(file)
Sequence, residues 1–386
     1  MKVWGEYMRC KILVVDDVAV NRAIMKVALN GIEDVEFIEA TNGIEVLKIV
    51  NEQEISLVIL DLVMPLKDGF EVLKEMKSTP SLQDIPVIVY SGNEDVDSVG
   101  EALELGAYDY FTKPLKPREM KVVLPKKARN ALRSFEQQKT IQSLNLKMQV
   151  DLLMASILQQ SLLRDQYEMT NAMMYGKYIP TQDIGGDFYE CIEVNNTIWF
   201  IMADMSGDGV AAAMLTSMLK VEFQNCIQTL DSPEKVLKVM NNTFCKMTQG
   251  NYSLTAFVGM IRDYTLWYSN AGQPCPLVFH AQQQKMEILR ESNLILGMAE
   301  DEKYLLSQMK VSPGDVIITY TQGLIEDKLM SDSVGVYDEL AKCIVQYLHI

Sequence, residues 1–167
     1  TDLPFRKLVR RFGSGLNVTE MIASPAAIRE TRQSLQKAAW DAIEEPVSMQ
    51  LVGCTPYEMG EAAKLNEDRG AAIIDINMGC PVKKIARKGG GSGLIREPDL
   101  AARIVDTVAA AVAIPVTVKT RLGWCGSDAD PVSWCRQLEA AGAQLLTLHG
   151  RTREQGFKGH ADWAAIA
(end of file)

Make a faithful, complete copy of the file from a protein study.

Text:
Sequence, residues 1–386
     1  MKVWGEYMRC KILVVDDVAV NRAIMKVALN GIEDVEFIEA TNGIEVLKIV
    51  NEQEISLVIL DLVMPLKDGF EVLKEMKSTP SLQDIPVIVY SGNEDVDSVG
   101  EALELGAYDY FTKPLKPREM KVVLPKKARN ALRSFEQQKT IQSLNLKMQV
   151  DLLMASILQQ SLLRDQYEMT NAMMYGKYIP TQDIGGDFYE CIEVNNTIWF
   201  IMADMSGDGV AAAMLTSMLK VEFQNCIQTL DSPEKVLKVM NNTFCKMTQG
   251  NYSLTAFVGM IRDYTLWYSN AGQPCPLVFH AQQQKMEILR ESNLILGMAE
   301  DEKYLLSQMK VSPGDVIITY TQGLIEDKLM SDSVGVYDEL AKCIVQYLHI

Sequence, residues 1–167
     1  TDLPFRKLVR RFGSGLNVTE MIASPAAIRE TRQSLQKAAW DAIEEPVSMQ
    51  LVGCTPYEMG EAAKLNEDRG AAIIDINMGC PVKKIARKGG GSGLIREPDL
   101  AARIVDTVAA AVAIPVTVKT RLGWCGSDAD PVSWCRQLEA AGAQLLTLHG
   151  RTREQGFKGH ADWAAIA